When the game started, I was more interested in watching the 49ers’ mascot—a mule, named “Clementine” parade around the stadium. I can still remember the smell of popcorn in the air, the ice-cream vendors chanting, “Yummy, yummy, good for the tummy.”
Then there was the barrage of seagulls that would swoop down, picking up hot dog wrappers and paper cups off the wooden benches. I still can remember the one seagull that swiped a hot dog right from the bun of a fan, sitting only a few rows down. The seagull flew off and I laughed hysterically. Dad said the seagulls were very well trained and only dropped their castings on the visitors’ heads. Of course, dad was just being facetious.
My first thoughts of the football game were: Why were all these guys running around in circles and in different directions knocking each other down? All these people were yelling and booing, it seemed after every play. Some were arguing with each other. Two men right nearby, spent the entire time drinking beer and screaming obscenities.
The 49ers were the center of my dad’s cosmos. He never missed a thing that happened on the field and wanted to share it all with me. Dad had a knack for sensing big plays as they unfolded. Most times he could even anticipate the quarterback’s play calling. He’d poke me with his elbow, or simply lean his forearm against my forearm, just in time for me to see a receiver materializing under a deep pass or a runner breaking free for a big gain.
I was able to coax my dad into buying me popcorn and a soda, but after a few hours I was asking dad to go home. I buried my face against dad’s shoulders. I still remember the feel of his wool overcoat against my nose. He kept saying, “be patient.” But this boring game made no sense to me. Surely I could be having more fun with my friends than this. Then something happened that changed my life forever.
It was the second quarter and dad told me to watch this player with number “39” on his red jersey. From where we were sitting behind the goal post in the end zone, number “39” looked like a tiny ant.
Dad gave me his binoculars to look through, and as I focused my eyes on number “39” something interesting happened. He got the ball on a pitch out and cut wide to his right, heading up the sidelines toward the west end of the stadium. Then he cut to the center of the field, swerving directly away from two defenders but head-on toward two others. I finally could see his every move. Would-be tacklers aimed at his long legs, but he suddenly stopped and started up in a new direction, slicing back toward the sideline and escaped from everyone. He scored a touchdown without a single person touching him.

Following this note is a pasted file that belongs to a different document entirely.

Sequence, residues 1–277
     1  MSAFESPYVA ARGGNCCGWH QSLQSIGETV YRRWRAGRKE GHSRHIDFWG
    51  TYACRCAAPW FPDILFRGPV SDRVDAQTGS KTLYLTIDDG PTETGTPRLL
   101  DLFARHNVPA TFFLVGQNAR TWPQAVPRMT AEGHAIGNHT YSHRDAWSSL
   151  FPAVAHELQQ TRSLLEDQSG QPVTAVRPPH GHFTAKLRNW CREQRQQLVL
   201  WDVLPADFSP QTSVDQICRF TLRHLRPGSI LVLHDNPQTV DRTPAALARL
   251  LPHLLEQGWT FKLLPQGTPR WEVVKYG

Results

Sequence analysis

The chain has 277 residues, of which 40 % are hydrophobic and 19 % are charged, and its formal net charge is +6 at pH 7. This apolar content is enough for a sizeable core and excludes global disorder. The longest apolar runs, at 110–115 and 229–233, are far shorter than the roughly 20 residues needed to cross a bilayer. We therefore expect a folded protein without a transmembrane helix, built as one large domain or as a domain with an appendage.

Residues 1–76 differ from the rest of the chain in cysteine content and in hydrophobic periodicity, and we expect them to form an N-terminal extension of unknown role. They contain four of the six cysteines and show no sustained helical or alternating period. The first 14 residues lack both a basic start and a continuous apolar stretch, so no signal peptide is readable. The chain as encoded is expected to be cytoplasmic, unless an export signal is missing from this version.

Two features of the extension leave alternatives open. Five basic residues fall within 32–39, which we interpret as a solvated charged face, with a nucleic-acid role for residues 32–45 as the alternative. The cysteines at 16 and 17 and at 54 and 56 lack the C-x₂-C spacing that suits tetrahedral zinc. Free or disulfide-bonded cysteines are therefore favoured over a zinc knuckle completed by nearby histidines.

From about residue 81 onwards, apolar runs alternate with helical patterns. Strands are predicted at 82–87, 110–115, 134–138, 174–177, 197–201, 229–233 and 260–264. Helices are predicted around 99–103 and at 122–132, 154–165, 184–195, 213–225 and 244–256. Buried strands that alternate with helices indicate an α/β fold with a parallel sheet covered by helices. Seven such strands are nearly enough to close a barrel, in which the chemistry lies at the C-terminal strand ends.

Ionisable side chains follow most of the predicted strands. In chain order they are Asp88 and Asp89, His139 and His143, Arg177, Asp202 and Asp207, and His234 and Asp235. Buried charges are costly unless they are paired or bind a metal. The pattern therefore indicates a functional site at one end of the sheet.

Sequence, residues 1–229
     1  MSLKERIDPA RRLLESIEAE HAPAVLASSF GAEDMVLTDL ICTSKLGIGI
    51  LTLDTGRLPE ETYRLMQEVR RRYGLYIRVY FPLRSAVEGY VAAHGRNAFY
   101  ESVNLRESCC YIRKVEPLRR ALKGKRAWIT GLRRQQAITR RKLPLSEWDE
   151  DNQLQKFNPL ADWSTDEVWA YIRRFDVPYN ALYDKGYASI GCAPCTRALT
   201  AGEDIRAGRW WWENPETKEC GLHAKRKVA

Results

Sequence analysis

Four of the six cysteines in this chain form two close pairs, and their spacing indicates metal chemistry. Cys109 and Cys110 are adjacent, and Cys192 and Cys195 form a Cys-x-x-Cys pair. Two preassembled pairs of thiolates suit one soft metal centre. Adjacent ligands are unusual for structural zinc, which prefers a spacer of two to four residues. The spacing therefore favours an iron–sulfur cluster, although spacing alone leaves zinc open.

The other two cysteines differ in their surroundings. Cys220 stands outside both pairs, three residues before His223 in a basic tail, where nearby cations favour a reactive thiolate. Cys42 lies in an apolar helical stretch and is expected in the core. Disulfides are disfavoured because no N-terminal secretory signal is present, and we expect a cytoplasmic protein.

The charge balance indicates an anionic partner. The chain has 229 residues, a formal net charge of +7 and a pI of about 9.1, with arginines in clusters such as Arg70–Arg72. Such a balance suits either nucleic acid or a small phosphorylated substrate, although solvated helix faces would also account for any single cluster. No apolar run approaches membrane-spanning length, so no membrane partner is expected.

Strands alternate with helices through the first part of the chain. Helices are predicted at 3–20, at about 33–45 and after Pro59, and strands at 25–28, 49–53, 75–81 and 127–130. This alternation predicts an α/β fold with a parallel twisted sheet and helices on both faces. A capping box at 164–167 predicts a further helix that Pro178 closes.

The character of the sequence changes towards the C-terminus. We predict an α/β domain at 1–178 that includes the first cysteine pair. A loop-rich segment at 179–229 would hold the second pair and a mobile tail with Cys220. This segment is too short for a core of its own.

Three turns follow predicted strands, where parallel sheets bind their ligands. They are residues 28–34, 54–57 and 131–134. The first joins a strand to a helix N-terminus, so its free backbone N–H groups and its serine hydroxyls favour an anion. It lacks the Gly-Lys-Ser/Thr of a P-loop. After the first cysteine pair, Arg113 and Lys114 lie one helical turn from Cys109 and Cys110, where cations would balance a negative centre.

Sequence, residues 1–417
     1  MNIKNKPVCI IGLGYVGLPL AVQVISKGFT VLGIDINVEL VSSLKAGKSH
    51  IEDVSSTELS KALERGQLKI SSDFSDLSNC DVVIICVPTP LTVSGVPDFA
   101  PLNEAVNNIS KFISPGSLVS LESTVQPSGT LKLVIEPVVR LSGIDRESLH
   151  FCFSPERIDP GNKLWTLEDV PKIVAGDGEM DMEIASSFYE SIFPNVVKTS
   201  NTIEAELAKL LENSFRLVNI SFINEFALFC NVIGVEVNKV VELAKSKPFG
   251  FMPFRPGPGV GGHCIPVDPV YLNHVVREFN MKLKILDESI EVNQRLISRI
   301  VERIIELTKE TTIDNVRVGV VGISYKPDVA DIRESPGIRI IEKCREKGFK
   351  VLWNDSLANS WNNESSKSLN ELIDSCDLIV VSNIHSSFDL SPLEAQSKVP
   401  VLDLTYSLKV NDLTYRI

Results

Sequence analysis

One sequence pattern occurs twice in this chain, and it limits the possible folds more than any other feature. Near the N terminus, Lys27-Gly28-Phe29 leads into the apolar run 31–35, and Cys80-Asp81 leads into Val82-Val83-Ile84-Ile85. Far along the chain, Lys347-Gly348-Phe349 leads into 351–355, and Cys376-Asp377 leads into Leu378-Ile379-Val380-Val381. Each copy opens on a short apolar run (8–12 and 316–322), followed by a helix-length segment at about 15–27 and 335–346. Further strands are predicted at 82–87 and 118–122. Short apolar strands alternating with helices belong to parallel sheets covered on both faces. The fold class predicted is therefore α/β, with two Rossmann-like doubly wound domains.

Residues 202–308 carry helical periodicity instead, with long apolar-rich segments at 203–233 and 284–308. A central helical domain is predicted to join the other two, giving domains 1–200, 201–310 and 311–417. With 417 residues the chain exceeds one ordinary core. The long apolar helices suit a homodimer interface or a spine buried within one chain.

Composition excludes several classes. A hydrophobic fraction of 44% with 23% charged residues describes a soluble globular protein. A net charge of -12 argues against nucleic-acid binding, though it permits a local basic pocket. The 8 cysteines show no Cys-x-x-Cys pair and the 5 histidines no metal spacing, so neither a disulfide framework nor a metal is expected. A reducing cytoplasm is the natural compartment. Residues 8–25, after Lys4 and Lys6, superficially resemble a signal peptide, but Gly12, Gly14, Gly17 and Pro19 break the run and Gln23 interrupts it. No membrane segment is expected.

A big roar from the crowd broke my concentration. It was a spectacular run. This guy was really fun to watch. Dad said it was Hugh McElhenny, and this was his first game playing for the 49ers.
The 49ers ended up winning the game 38-14, but it didn’t really matter. From then on, it was a time for me when mortality and immortality were so close, I had dreams almost every night of being a 49er player. Once I learned the players’ names, I could imagine the texture of a football in my hands, as Y.A. Tittle faded back to pass. Or the elation of watching my favorite 49er hero McElhenny catching a screen-pass, and going all the way for a touchdown!
So why am I so connected to this team? I’ve never met most of the players or staff, yet I have an unspoken bond, a bond shared by millions of other 49ers fans all over the country. The cities and the teams may change, but a “fanatical” fan like me stays the same. I share in their elation and I feel their pain. I still go to the games, but I shun the usual hoopla, like tailgate parties. I’m definitely not a fair-weather, jump-on-the-bandwagon kind of fan. To me it’s all about loyalty and devotion, not kegs and dressing up. I guess maybe I deserve a gold medal for keeping my 49ers attendance streak alive—686 straight games, despite not having season tickets since 1980. Now I simply go to the stadium on game day and buy a ticket from a scalper. I always get a prime location and I’ve never paid more than $50.00.
Watching the 49ers is not a matter of life and death, for me it’s more important that that. My friends, my relationships and even dreams have come and gone, but 49ers football is constant for me. I now have a greater clarity and wisdom for the team I love. From all the great moments I’ve witnessed at Kezar and Candlestick Park, and our five Super Bowls victories, it all began. when I was a kid sitting in the end zone. I’m just proud for sticking around. Maybe it’s because life is so full of repetition and tediousness, while 49er football is so melodramatic. For whatever reason, it was all worth it.